Taking flight

When news came of Red Hugh O'Donnell's death in Spain, Hugh O'Neill knew the cause was lost. He accepted the terms offered him by Lord Deputy Chichester. His lands were restored to him, freedom to observe the Catholic faith given, and a new patent of earldom was drawn up.

After hearing that the French ship procured by Cuchonnacht Maguire was at anchor at Rathmullan, O'Neill journeyed northward to join the earls of Donegal and Fermanagh. A plan was drawn up by James 1 of Scotland to plant Ulster with Scotch and English settlers. But the two earls were in the way, and had to be removed. They were charged with plotting against the Crown.

According to an anonymous letter to Dublin Castle, the seat of English rule in Ireland, O'Neill was planning to seize the castle, slay the Lord Deputy, and start a countrywide rebellion. Both earls were summoned to London to answer these charges; but O'Neill suspected a plot to assassinate them was afoot, and aware that planters were waiting to take his lands, he felt that safety alone lay in flight.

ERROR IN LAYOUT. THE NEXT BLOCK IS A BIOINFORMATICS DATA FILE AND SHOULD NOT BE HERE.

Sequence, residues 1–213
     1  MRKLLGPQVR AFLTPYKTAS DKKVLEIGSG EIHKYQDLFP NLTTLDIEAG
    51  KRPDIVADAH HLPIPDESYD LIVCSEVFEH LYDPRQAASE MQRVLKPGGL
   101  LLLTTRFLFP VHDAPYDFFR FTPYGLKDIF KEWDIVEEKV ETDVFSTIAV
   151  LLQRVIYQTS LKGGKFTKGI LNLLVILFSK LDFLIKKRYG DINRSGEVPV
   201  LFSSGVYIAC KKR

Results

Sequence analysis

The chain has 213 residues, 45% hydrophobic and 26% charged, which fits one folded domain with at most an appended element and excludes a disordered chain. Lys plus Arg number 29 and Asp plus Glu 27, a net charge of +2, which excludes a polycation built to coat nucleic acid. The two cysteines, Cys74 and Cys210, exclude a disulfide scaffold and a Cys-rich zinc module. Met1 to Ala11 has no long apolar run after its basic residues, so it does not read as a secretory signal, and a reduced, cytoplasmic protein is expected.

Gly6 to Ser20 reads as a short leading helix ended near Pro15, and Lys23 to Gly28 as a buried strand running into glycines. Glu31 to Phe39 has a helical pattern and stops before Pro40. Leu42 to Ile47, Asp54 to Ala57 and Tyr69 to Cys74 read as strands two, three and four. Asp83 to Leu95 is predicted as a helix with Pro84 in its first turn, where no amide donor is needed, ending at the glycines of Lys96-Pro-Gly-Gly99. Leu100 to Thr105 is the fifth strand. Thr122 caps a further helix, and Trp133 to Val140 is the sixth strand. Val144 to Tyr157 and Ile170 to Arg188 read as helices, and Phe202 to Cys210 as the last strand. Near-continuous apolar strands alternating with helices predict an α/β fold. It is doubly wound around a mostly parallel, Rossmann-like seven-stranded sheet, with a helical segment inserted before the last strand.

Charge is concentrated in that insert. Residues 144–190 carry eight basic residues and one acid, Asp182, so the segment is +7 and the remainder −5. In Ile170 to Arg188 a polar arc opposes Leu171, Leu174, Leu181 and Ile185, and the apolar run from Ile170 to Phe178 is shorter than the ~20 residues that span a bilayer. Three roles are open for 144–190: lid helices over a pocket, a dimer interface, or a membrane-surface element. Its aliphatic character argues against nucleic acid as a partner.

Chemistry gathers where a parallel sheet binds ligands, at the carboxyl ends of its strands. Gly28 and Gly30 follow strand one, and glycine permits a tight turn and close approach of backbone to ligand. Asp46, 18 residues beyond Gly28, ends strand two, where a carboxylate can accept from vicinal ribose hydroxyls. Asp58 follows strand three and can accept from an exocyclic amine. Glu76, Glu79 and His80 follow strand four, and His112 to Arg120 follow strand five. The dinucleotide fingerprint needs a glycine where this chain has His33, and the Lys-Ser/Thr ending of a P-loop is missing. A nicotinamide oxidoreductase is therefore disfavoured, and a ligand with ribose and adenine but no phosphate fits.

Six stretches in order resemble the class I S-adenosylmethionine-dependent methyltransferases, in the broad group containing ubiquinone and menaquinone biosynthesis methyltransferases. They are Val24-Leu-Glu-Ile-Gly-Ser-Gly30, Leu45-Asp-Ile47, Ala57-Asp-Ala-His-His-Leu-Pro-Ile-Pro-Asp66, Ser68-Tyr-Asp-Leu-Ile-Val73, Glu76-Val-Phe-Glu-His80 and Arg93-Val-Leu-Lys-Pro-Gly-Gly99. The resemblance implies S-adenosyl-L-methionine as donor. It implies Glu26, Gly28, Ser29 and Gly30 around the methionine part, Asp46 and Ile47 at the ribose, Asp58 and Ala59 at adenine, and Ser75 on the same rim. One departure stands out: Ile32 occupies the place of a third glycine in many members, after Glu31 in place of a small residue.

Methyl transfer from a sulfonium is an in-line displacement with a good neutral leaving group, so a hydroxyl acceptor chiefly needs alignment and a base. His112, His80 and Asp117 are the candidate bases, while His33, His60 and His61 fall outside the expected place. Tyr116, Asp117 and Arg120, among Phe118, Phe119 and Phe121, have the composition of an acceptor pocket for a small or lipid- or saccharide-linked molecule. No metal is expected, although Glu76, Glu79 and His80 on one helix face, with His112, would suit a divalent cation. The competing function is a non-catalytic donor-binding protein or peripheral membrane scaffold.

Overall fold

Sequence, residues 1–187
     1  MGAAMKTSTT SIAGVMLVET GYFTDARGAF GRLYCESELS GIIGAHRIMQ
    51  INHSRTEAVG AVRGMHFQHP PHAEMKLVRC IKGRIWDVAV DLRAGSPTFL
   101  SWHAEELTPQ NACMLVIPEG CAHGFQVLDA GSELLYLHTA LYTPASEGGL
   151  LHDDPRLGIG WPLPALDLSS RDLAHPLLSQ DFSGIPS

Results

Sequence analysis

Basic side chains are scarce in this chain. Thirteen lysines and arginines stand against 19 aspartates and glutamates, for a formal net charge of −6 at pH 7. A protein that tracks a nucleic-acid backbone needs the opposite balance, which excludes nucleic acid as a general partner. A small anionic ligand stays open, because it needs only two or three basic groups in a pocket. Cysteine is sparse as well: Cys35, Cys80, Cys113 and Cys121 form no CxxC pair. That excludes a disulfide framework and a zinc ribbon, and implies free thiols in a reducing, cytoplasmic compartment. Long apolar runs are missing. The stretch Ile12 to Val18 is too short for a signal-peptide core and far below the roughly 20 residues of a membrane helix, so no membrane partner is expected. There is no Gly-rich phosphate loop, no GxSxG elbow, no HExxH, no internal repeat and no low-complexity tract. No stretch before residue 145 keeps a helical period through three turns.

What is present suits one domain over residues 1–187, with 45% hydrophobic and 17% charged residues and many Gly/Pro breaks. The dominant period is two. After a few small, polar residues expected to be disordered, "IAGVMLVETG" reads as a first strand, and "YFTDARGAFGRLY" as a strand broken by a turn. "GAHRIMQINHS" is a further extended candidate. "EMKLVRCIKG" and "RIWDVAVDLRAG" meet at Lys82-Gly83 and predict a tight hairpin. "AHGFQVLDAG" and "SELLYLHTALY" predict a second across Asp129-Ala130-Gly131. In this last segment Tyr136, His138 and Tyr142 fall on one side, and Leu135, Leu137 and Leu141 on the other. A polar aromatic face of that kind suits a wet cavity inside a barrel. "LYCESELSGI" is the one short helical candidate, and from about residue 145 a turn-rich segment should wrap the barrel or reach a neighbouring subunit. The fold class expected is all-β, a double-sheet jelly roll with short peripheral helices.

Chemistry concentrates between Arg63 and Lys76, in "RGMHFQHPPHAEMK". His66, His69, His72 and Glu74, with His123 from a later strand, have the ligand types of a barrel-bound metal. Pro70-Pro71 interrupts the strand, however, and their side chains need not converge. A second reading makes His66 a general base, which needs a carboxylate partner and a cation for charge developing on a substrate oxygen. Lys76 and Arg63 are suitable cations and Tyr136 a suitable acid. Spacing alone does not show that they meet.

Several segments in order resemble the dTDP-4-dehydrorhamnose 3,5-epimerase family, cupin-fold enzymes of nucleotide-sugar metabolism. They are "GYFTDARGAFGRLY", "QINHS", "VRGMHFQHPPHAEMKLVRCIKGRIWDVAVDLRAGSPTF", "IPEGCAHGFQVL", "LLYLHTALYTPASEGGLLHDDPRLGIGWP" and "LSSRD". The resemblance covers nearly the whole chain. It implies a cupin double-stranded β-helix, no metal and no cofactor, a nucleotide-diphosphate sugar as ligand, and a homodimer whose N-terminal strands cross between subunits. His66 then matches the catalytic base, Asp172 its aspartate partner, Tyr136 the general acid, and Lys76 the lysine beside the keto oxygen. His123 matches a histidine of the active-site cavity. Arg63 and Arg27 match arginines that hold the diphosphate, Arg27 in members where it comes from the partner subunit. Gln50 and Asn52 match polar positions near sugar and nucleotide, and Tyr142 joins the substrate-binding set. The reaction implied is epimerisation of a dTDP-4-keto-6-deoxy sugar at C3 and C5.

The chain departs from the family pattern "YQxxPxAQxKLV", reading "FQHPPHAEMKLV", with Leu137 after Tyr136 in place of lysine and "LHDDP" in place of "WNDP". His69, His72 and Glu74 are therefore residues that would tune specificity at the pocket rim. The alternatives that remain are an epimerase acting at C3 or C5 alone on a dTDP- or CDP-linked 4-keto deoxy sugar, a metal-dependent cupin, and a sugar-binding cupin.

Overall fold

O'Neill went on horseback from his Dungannon castle, along with his wife, Catherine, his three sons, and other relations and attendants. So fraught and fearful was the journey that, when at one stage, Catherine fell from her horse in exhaustion, and begged not to go any further, O'Neill threatened to put her to the sword if she did not remount.

On September 14th, 1607, in approaching old age, O'Neill and the once-powerful earls of Ulster sailed from Portnamurray Bay, Rathmullan, Co Donegal. Off the coast of Connaught, the earls' ship went deep into the Atlantic to avoid the English ships in Galway. They ran into a storm which lasted for seventeen days.

O'Neill had a gold cross which contained a relic of the True Cross, and when they dragged it in the sea behind the ship, some relief ensued from the storm. Speculation has it that O'Neill got this relic from a portion venerated in Holy Cross Abbey in Thurles, County Tipperary, where it was customary to give a little portion to important visitors. Today, the abbey still holds a relic of the True Cross.

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